David Malouf's wide-ranging bibliography includes poetry collections, short stories, librettos, and award-winning fiction. His 1993 novel, Remembering Babylon, was honored with an International Dublin Literary Award and a Los Angeles Times Book Award.
The Story: Inspired by Homer's epic poem, The Iliad, and its climactic scene, Malouf weaves a tale of grief and loss from both sides of the Trojan War. Hector, the beloved prince of Troy, has killed the Greek soldier Patroclus--Achilles' boyhood friend--in battle. Achilles, devastated by the loss and overcome with vengeance, slays Hector and, disregarding the tradition of returning him to his royal family for burial, he drags his corpse across the battlefield for endless days and nights. Also overwhelmed with grief is Hector's father, old King Priam of Troy, who sets off for the Greek camp to negotiate a ransom for his son's body.
Pantheon. 224 pages. $24. ISBN: 9780307378774
"Ransom boasts all of Malouf's capacious talents for imagination, for grace of line and image (he has written seven books of poetry), and for lean and piercing storytelling that made his novel An Imaginary Life and his boyhood memoir 12 Edmondstone Street such admirable adventures. ... A remarkable feat." Brian Doyle
Dallas Morning News
"[A]n eloquent and deeply moving tale of war, kingship, fatherhood, our common mortal lot, and--not incidentally--the enduring power of a good story. ... Every sentence sings." Bill Marvel
"Malouf doesn't exploit Homer's Iliad; he fully respects its majesty and at the same time fulfills his own deep need to link the distant past to the terrors of the present. Ransom is a joy to read."Tony Lewis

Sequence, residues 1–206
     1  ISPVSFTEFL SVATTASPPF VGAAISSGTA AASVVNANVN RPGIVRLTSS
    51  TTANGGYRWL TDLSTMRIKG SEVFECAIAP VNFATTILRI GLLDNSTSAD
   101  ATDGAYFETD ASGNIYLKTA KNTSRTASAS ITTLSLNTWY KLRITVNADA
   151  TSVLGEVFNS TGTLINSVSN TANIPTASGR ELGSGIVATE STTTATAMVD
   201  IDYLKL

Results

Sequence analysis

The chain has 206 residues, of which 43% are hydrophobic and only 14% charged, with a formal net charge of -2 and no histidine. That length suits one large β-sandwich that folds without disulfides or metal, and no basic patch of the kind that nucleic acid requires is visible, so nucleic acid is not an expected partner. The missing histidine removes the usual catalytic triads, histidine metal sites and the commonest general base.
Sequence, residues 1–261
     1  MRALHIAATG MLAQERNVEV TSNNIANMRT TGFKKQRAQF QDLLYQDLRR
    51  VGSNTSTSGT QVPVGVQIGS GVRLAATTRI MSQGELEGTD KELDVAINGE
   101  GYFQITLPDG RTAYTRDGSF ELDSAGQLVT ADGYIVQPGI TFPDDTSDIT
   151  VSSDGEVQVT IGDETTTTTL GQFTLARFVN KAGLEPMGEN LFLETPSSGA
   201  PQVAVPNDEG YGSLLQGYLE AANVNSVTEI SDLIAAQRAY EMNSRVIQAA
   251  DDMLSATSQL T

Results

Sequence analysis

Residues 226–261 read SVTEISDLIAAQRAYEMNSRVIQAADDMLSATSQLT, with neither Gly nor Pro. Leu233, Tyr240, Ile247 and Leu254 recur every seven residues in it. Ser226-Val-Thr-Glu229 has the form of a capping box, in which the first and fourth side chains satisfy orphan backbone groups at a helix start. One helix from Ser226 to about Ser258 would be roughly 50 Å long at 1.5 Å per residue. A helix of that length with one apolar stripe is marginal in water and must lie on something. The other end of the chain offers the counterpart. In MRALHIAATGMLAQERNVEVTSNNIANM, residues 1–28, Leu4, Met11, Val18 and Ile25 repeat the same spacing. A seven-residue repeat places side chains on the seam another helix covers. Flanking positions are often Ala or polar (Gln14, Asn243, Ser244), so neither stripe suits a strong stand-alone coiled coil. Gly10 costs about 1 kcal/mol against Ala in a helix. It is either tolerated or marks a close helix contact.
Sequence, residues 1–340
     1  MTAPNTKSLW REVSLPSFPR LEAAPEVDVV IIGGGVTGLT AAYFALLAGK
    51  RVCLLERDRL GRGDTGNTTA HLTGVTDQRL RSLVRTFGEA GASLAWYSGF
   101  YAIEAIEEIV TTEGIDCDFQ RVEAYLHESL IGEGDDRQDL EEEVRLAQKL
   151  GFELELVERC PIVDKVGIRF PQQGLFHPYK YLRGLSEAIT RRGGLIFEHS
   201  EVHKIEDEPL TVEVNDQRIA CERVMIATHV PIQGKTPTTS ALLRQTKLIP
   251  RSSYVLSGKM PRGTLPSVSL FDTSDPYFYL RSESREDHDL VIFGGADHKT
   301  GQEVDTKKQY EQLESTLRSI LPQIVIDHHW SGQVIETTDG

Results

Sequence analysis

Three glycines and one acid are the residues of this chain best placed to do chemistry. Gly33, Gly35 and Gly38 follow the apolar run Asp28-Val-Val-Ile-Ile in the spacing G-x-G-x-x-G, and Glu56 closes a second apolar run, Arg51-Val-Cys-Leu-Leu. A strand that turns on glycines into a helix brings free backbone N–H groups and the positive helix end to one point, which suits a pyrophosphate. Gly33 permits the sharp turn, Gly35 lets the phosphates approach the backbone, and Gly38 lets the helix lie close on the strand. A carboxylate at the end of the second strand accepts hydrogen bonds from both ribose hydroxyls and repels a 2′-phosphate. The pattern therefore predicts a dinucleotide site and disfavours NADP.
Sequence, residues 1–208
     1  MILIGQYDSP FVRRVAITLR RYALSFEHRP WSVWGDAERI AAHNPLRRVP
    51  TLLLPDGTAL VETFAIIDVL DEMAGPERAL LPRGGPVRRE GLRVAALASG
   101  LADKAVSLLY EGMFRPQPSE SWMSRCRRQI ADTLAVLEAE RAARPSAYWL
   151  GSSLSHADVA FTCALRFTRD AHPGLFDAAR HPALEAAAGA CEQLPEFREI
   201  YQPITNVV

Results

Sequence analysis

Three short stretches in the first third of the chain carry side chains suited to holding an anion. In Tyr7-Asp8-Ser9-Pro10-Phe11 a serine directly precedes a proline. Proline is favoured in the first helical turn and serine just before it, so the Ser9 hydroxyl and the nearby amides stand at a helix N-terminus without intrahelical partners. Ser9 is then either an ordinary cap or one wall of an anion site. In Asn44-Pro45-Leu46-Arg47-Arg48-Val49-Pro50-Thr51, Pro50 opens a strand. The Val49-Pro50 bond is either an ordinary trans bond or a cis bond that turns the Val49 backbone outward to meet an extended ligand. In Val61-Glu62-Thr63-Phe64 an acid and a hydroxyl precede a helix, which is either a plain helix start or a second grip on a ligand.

"While Malouf can write brilliantly in the ‘low' register of a Somax or describe nature with a Wordsworthian attentiveness, he is equally convincing in suggesting the grave diction of epic, as when Priam reflects on what the immortal gods can never experience--the sweetness inherent in our transient human lives, but also the sorrow." Michael Dirda
New York Times
"On page after page the prose is specific and noble, an unusual mix since nobility usually depends on generalities, and the specific usually deflates grandeur. But sometimes--not often!--the diction becomes stiff." Edmund White
Wall Street Journal
"[T]he addition of the earthy episode with Somax is not entirely successful: It diminishes somewhat the stark pathos of Priam's body-retrieval mission. ... Still, the final scenes nicely capture the volatile intimacy that develops between Achilles and Priam." Timothy Farrington
David Malouf is widely regarded as one of Australia's greatest living novelists, and Ransom sits well alongside the rest of his work. With simple, graceful prose, cinematic descriptions, and a deeply ingrained respect for two grieving heroes, Malouf both enhances and venerates Homer's ancient epic. And while the Wall Street Journal critic felt that Somax, King Priam's cart driver, was a glib addition, others disagreed, calling him "a creation of genius, like one of those Shakespearean peasants full of good humor and even better sense" (Dallas Morning News). Ultimately, reviewers described Ransom as a standout book and a prime example of beautiful, old-fashioned storytelling.